My daughter’s language learning adventure: a parent’s perspective

An American mother shares her thoughts with us as her daughter goes to learn Japanese in Tokyo

“It is with delight that I write this blog for Cactus. Right from the beginning Cactus helped us embark on my daughter’s journey to Japan with confidence, enthusiasm, and trust that all would be well. And so it has been…

I can’t say that I was not a bit anxious sending Dana across the world on her own to learn Japanese in Tokyo. And, I can’t say that as each day successfully passes I don’t enter the next with some trepidation. That being said, having reached the midpoint of Dana’s stay I am pleased to share this parent’s point of view.

Dana is 19 years old and has always had a passion for Japanese. So when she suggested that she take a leave of absence from college to “find herself” and explore her passion, I was not surprised. In fact, I was impressed that she knew herself well enough to know that she was not feeling passionate at college and needed to explore. The hardest part for me was letting go and having the trust to let her do this exploration on her own.

tokyo-japaneseDana is accomplishing her objective. Through the impressive curriculum and faculty at the language school, Dana’s command of the Japanese language is developing every day. Her classes consist of students from all over the world and so she has expanded her social network with friends from places like Spain and Sweden.

Given the diversity of the students it has been inspiring to hear how friendly, helpful, compassionate, and tolerant everyone has been. This is a snapshot of what I hope for the world.

From what I can tell the school is located in the midst of fun and interesting places for the kids to explore. Having the freedom to get to these places easily has not only added to the “fun factor” but has given Dana the opportunity to practise her Japanese skills with the “locals.”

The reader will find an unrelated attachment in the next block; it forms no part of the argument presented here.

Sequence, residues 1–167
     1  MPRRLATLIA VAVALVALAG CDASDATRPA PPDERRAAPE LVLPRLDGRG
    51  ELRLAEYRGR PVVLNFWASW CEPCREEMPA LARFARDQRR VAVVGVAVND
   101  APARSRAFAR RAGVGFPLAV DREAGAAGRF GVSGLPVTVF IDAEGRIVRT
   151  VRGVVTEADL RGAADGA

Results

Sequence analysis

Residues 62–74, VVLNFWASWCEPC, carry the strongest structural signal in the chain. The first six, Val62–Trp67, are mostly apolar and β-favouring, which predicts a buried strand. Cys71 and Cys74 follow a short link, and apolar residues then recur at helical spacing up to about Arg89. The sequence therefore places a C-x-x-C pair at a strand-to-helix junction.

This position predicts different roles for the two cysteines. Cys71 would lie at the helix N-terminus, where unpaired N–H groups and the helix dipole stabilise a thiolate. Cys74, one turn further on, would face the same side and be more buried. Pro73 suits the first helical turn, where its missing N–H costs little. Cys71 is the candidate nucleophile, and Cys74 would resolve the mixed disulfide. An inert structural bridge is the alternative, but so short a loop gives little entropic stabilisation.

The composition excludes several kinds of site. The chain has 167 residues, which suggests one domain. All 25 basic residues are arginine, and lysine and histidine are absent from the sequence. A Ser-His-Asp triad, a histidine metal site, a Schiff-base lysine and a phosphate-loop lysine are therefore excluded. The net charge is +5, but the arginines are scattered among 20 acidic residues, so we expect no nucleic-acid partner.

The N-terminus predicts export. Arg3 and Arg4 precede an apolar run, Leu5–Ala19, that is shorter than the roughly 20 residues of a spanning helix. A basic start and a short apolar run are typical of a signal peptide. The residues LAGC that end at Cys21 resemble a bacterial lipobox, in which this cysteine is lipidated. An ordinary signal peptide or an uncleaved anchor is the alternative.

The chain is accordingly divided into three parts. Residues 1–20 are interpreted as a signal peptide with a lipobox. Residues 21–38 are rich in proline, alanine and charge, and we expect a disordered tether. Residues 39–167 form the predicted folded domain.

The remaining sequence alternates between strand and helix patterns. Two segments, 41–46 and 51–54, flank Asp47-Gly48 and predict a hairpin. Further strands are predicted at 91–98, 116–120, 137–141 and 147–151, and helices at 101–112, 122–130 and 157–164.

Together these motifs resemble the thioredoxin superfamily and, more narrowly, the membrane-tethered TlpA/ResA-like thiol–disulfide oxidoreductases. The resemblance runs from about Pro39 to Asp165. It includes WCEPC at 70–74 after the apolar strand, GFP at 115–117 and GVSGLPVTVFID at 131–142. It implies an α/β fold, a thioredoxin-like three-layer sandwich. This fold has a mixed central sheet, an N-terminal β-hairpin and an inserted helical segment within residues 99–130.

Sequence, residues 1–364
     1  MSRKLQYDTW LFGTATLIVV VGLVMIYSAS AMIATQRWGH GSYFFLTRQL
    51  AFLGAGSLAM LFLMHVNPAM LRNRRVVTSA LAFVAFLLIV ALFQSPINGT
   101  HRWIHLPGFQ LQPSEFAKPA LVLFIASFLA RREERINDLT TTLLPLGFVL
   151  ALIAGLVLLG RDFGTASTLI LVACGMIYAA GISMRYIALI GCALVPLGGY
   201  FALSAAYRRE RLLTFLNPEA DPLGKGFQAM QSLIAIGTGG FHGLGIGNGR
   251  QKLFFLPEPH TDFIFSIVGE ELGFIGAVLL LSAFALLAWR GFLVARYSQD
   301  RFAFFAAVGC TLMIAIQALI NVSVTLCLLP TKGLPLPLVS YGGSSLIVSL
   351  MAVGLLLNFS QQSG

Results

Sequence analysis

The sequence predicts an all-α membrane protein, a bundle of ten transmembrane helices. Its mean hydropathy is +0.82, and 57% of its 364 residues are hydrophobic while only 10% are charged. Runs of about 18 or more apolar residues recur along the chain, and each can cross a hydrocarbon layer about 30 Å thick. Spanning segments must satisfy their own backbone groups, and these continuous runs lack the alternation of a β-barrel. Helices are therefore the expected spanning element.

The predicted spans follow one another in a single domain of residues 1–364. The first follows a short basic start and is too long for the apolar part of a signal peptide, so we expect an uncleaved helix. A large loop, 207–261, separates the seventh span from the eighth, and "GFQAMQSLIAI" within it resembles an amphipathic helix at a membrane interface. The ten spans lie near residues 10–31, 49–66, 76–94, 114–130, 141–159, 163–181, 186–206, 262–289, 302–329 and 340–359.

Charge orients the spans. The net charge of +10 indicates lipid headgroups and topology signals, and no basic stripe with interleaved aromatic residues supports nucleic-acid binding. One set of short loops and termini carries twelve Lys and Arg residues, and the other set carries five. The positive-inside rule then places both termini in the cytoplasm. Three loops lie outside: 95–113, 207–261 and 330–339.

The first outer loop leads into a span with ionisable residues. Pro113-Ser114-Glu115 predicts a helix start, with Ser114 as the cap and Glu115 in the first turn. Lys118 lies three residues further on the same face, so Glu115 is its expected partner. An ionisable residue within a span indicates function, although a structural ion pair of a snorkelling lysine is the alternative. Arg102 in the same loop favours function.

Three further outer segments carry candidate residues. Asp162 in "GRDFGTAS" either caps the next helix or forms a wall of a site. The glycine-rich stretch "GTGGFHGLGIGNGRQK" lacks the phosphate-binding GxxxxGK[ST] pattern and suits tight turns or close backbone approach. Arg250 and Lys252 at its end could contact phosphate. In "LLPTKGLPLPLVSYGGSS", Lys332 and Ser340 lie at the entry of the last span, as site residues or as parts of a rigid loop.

Do I miss her? Yes, a lot. However technology has softened the blow for both of us. We video-chat just about every day. In fact, we spend more time seeing each other and talking now than we do when we are living under the same roof. And, video- chat gives Dana the opportunity to stay connected to her dogs.

There are 25 days left of Dana’s adventure. I look forward to sharing the rest of the story.”

Dana studied Japanese in Tokyo with Cactus. Cactus offers language courses in over 120 destinations worldwide.

Dana wrote about her initial impressions of Tokyo when she first arrived and about her experiences mid-way through her course. For anyone thinking about taking a language course abroad, Dana’s articles offer a unique insight into life in a foreign country, including the fears and excitement that come with a long-term course. Thank you both to Dana and her mother Robin for contributing to our website, and we hope that future students (and parents of) will find their comments reassuring and useful.

If you have a language learning or language teaching query, please visit our blog or get in contact with us either by Facebook or by Twitter. Alternatively, feel free to contact us here or call to speak to one of our advisors on  .